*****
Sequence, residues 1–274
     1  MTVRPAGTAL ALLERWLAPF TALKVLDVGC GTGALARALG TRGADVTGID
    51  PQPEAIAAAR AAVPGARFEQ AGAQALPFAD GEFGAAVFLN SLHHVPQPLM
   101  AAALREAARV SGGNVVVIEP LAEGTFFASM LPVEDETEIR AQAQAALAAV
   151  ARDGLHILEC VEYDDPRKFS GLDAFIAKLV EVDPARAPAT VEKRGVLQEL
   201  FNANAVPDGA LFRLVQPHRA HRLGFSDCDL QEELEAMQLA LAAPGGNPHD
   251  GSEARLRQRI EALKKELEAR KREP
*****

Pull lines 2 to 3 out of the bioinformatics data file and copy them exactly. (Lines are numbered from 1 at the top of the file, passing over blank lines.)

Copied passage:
     1  MTVRPAGTAL ALLERWLAPF TALKVLDVGC GTGALARALG TRGADVTGID
    51  PQPEAIAAAR AAVPGARFEQ AGAQALPFAD GEFGAAVFLN SLHHVPQPLM